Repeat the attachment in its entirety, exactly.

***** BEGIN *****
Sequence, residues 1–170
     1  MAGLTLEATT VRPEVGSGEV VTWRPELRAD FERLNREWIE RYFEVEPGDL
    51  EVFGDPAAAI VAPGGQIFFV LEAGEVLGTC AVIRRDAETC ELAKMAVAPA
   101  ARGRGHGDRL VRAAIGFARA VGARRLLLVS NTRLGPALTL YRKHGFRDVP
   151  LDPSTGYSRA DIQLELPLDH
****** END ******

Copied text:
Sequence, residues 1–170
     1  MAGLTLEATT VRPEVGSGEV VTWRPELRAD FERLNREWIE RYFEVEPGDL
    51  EVFGDPAAAI VAPGGQIFFV LEAGEVLGTC AVIRRDAETC ELAKMAVAPA
   101  ARGRGHGDRL VRAAIGFARA VGARRLLLVS NTRLGPALTL YRKHGFRDVP
   151  LDPSTGYSRA DIQLELPLDH